Pauline Ziegen's new paintings. Utilizing Old Master techniques and materials visually influenced by Japanese art and philosophies, as well as the tradition of the second generation Hudson River School and Luminist Style of the mid-19th century.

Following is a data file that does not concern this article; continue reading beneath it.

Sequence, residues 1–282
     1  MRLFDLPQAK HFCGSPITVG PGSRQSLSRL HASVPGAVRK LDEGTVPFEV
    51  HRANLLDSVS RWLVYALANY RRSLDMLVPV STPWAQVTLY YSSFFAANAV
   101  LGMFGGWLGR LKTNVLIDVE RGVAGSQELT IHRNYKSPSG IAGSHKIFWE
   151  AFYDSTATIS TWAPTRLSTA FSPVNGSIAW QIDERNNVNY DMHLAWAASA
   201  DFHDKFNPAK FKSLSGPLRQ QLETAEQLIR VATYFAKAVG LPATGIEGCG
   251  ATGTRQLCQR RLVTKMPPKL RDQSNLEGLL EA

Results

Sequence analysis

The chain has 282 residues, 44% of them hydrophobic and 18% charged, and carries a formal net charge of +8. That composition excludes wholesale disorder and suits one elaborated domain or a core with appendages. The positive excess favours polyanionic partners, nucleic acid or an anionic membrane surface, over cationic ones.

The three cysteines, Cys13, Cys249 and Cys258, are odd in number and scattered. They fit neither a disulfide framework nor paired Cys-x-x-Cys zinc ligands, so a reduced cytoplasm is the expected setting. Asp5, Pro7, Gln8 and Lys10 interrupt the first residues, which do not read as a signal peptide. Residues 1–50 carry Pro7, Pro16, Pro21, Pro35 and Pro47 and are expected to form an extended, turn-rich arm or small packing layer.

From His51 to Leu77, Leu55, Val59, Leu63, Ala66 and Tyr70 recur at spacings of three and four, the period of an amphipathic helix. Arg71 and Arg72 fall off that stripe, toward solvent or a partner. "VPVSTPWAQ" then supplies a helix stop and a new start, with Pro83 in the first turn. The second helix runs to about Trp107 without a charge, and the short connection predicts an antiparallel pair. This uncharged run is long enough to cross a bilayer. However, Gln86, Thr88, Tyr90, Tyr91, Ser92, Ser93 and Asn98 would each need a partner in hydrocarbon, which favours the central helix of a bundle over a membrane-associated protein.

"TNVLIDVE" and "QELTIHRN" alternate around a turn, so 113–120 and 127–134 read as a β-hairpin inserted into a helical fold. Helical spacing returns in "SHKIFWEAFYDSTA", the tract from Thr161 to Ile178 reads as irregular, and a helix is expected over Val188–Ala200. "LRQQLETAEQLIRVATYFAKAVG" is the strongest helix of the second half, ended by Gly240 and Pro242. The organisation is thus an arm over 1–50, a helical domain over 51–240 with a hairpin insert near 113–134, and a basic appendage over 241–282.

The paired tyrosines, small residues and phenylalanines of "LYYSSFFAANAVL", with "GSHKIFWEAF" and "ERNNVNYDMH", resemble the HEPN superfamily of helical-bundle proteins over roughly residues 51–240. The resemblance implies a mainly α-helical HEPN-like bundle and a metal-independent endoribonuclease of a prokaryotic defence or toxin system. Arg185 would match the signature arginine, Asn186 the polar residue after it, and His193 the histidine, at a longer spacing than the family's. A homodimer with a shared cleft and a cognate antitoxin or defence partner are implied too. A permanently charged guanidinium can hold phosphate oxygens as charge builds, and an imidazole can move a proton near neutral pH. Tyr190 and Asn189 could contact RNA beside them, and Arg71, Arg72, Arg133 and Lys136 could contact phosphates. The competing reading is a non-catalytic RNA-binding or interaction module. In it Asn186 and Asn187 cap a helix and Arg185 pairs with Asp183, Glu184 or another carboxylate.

I utilize Old Master techniques and materials, and am visually influenced by Japanese art and philosophies, as well as the tradition of the second generation Hudson River School and Luminist Style of the mid-19th century. My current emphasis on mark making and abstraction can be ascribed to the influence of the Japanese wabi sabi aesthetic (meaning ‘ flawed beauty’), which is sometimes described as one of beauty that is "imperfect, impermanent, and incomplete". It can refer to quirks and anomalies arising from the process of construction, which add uniqueness and an understated elegance to the object. These concepts are also evident in the Navajo tradition of the SPIRIT STRING in weaving. The Navajo believe that only God is perfect and that what humans do cannot be on the same perfect level. Therefore, they will make sure some little imperfection is part of anything they create. Usually, one has to look very close to find the imperfection, so it does not detract from the beauty of the item. On a Navajo rug, it’s the loose piece of yarn. On beaded handiwork, one of the beads might be threaded differently to ensure some slight imperfection. For many people, even though the imperfection is not noticeable, knowing it’s part of the creation adds to the charm.